Section 1910.421(f). Requires employers to brief dive team members 
on the diving-related tasks they are to perform, safety procedures for 
the diving mode used at the dive location, any unusual hazards or 
environmental conditions likely to affect the safety of the diving 
operation, and any modifications to operating procedures necessitated 
by the specific diving operation. Before assigning diving-related 
tasks, employers must ask each dive team member about their current 
state of physical fitness, and inform the member about the procedure 
for reporting physical problems or adverse physiological effects during 
and after the dive.
    Section 1910.421(h). If the diving operation occurs in an area 
capable of supporting marine traffic and occurs from a surface other 
than a vessel, employers are to display a rigid replica of the 
international code flag "A" that is at least one meter in height so 
that it is visible from any direction; the employer must illuminate the 
flag during night diving operations.
    Section 1910.422(e). Employers must develop and maintain a depth-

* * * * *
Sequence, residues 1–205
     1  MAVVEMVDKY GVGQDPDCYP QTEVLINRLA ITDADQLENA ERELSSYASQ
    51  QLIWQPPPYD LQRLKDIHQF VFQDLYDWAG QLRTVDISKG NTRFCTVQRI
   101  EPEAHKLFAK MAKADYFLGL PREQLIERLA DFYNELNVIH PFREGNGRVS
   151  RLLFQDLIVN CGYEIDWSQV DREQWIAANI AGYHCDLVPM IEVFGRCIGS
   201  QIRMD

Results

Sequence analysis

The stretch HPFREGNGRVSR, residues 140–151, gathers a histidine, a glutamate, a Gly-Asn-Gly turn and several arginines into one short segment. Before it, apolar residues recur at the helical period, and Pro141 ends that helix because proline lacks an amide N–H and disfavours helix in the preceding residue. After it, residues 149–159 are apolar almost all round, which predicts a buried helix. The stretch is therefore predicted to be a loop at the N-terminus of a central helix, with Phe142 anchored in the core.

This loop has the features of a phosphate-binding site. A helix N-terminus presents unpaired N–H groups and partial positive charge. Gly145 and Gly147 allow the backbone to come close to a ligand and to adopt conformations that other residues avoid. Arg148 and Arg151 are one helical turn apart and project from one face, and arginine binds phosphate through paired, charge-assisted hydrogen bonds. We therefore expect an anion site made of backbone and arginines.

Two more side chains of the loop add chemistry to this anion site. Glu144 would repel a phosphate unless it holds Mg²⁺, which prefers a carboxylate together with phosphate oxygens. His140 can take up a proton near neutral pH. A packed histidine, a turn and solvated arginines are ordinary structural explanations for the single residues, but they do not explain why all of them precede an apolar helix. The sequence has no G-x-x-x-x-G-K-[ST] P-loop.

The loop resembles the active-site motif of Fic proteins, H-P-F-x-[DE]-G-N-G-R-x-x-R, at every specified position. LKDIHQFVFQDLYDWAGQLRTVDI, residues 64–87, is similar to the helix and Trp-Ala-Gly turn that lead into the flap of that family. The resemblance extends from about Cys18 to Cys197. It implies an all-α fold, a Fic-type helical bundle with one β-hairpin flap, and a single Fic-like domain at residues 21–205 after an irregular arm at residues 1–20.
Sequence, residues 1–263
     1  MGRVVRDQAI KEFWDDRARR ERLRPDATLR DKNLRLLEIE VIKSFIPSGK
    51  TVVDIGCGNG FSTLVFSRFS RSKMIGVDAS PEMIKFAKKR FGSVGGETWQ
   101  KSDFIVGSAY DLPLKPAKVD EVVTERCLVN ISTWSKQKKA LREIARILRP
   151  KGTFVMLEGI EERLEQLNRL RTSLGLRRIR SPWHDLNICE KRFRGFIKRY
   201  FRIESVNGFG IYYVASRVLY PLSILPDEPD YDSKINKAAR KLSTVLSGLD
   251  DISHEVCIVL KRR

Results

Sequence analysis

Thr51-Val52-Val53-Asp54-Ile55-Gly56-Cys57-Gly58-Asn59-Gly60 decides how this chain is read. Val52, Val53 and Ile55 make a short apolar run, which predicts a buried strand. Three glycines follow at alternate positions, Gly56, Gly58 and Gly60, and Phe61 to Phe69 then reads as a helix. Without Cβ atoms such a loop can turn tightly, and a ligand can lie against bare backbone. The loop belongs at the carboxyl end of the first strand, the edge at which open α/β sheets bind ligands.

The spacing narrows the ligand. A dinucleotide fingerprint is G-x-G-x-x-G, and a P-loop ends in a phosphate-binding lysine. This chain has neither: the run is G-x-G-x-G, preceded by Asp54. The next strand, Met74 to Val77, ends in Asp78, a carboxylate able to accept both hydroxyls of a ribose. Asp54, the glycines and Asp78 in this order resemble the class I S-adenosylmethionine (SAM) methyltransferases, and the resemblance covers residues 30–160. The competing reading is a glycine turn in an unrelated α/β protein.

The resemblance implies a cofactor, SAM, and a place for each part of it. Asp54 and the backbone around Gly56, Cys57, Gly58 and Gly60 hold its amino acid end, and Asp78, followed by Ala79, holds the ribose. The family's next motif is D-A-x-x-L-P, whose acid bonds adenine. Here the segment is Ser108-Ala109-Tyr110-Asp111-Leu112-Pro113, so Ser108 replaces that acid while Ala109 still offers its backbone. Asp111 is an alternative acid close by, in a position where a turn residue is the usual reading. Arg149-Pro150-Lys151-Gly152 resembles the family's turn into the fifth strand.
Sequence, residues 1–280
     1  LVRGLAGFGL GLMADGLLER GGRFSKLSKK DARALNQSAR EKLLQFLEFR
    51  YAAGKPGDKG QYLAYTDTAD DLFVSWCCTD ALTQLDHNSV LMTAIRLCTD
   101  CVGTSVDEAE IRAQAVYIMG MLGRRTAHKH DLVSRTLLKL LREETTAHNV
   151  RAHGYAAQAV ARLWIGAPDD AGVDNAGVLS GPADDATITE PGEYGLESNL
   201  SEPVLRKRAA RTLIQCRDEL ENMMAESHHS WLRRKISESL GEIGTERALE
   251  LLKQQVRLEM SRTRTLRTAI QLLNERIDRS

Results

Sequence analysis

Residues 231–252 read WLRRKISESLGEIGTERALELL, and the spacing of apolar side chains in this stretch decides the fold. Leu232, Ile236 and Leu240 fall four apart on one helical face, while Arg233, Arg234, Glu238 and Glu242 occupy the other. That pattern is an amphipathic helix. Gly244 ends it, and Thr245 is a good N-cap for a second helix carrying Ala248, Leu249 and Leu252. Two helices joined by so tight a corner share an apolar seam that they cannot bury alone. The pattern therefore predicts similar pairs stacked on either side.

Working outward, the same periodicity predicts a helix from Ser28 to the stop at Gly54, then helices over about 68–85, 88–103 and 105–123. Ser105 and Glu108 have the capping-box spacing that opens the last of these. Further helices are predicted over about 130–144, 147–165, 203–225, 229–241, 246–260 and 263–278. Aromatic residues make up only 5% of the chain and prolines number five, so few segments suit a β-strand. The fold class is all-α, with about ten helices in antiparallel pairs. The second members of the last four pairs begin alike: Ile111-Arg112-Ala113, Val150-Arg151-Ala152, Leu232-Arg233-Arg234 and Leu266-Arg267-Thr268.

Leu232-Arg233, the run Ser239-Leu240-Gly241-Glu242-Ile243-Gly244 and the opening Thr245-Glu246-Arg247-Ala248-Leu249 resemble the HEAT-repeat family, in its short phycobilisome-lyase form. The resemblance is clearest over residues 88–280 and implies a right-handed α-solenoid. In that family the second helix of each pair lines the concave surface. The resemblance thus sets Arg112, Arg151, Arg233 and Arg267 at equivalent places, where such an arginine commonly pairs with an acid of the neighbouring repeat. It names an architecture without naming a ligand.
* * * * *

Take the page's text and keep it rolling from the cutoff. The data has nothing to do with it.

time profile for each diver that includes, as appropriate, any 
breathing gas changes or decompression.
    Sections 1910.423(b)(1)(ii) through (b)(2). Requires the employer 
to: Instruct the diver to report any physical symptoms or adverse 
physiological effects, including symptoms of decompression sickness 
(DCS); advise the diver of the location of a decompression chamber that 
is ready for use; and alert the diver to the potential hazards of 
flying after diving. For any dive outside the no-decompression limits, 
deeper than 100 feet, or that uses mixed gas in the breathing mixture, 
the employer must also inform the diver to remain awake and in the